Medicare spending on imaging and lab services increased by $73 million after a hospital or health system acquired a physician practice, according to a new study that raises questions about the benefits of vertical healthcare integration.
The study, released Wednesday in the journal Health Affairs, is the latest to explore how the trend of hospitals buying up practices is affecting healthcare prices and spending. A major reason for the increase in spending is physician offices moving more services to the hospital, which charge Medicare more than nonhospital providers.
The study looked at Medicare fee-for-service claims data from 2013 to 2016. It examined if hospital or health system ownership of physician practices were “associated with changes in the site of care or Medicare reimbursement rates for ten common diagnostic imaging and laboratory services,” the study said.
It explored the number of procedures per 1,000 Medicare beneficiaries attributed to a physician group performed in the hospital and nonhospital sites of care. Overall, the study looked at 29.5 million imaging procedures from 13.3 million Medicare beneficiaries and 341.4 million lab tests from nearly 17 million beneficiaries.
Researchers found that the number of procedures that translated from a non-hospital provider like a free-standing laboratory to a hospital increased when a provider joined a hospital.
“Among physician groups not vertically integrated with a hospital or health system, 67.9% of imaging tests were performed in hospital-based facilities compared with 76.9% for vertically integrated physicians,” the study said. “For laboratory tests, the respective percentages were 53.6% and 61.2%.”
From 2013 to 2016, the number of physicians in groups that were owned by a hospital or system increased by 16.2%.
“After vertical integration, the monthly number of imaging tests performed in hospital sites of care increased by 26.3 procedures per 1,000 attributed beneficiaries,” the study said. “The number of procedures performed in nonhospital sites of care decreased by 24.8 procedures per 1,000.”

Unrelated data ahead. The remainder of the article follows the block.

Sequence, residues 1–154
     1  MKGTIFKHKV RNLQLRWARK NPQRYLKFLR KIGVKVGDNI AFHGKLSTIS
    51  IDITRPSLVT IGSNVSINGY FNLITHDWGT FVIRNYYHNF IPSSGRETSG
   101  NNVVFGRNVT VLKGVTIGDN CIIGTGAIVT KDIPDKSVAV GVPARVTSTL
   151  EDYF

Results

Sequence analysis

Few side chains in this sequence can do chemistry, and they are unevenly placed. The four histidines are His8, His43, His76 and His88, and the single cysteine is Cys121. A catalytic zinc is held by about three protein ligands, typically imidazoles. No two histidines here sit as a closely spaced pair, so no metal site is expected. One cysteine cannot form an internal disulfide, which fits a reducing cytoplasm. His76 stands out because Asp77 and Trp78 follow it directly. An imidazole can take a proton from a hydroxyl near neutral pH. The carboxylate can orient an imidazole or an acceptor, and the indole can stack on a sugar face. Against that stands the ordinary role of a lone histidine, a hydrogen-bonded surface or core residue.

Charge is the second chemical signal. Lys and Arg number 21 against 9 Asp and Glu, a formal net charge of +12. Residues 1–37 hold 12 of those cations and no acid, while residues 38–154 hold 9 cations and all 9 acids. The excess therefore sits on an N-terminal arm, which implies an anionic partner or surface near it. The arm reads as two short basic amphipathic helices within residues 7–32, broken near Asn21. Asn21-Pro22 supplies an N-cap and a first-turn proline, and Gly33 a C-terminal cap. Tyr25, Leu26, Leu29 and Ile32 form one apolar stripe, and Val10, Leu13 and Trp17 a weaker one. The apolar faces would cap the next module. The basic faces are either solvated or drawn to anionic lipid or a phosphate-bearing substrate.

The number of lab tests increased by 44.5 per 1,000 beneficiaries and the number of tests performed in non-hospital settings declined by 36 per 1,000 beneficiaries.
The changes in sites led to higher Medicare reimbursement as Medicare pays hospitals more for the same procedures as those performed in a non-hospital setting.
All told the shifts in care led to a spending increase of $73 million when taking into account both imaging and lab tests.
Researchers also found there were increased rates of testing procedures for vertically integrated providers.
“It is difficult to argue that the additional spending is related to better quality of care, as these specific services are likely to be highly standardized — and hence undifferentiated — across diagnostic providers,” the study said. “The increased payment is instead a reflection of pre-existing Medicare payment rates that reimburse hospitals more for these services than they reimburse competing providers.”
The Centers for Medicare & Medicaid Services has taken steps to address the gap in reimbursement between hospital and non-hospital services. The agency sought to cut payments to hospitals for off-campus clinics to bring Medicare payments more in line with physician offices.
The findings come as the COVID-19 pandemic has accelerated the trend of consolidation among hospitals and physician groups. Providers have been hit hard financially by the pandemic as patient volume has dropped due to hesitancy to get care for fear of contracting the virus.
“Our study adds to the growing literature around the impacts of vertical integration,” the study said. “Our findings admittedly do not rule out potential positive impacts of vertical integration along other clinical dimensions, but they do highlight an example of where long-standing reimbursement practices likely require review and refinement in light of evolutions within the contemporary U.S. healthcare marketplace.”